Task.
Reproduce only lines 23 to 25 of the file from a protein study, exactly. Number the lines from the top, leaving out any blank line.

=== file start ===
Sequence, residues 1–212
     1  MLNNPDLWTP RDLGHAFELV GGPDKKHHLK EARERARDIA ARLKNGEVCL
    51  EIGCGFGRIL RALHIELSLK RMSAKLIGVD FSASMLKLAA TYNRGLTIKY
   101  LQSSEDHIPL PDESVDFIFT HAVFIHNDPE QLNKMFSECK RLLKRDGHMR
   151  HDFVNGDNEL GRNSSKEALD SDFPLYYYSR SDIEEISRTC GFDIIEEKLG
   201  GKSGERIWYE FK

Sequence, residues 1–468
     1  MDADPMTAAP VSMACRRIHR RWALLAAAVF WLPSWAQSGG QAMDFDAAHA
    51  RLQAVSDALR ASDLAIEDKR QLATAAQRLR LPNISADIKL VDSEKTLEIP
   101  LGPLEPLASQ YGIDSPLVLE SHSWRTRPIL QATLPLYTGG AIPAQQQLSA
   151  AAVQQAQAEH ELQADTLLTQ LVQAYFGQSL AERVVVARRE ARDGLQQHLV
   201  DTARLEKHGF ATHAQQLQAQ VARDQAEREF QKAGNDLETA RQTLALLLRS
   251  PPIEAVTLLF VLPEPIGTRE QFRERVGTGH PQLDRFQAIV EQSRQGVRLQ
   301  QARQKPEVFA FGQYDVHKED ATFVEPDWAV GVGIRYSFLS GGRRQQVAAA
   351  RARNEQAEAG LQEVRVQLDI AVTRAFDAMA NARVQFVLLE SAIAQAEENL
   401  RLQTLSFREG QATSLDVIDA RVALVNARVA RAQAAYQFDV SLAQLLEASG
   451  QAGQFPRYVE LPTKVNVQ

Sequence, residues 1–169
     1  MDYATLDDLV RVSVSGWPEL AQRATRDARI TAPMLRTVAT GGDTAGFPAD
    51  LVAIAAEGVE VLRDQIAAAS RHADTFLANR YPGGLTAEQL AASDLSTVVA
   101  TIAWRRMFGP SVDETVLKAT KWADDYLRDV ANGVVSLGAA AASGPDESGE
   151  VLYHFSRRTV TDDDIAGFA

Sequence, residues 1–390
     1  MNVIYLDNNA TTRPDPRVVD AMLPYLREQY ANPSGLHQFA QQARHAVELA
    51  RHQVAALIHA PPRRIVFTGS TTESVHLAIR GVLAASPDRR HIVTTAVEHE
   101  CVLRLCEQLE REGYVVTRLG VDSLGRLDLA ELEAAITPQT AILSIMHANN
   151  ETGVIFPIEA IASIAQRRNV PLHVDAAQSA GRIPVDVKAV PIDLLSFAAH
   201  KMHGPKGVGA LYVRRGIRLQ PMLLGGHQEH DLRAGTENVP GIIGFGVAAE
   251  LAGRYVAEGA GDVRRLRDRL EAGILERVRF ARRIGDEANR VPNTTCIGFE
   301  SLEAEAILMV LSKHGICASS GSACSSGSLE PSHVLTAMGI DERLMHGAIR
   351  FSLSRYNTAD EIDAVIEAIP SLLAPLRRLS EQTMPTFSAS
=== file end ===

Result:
Sequence, residues 1–390
     1  MNVIYLDNNA TTRPDPRVVD AMLPYLREQY ANPSGLHQFA QQARHAVELA
    51  RHQVAALIHA PPRRIVFTGS TTESVHLAIR GVLAASPDRR HIVTTAVEHE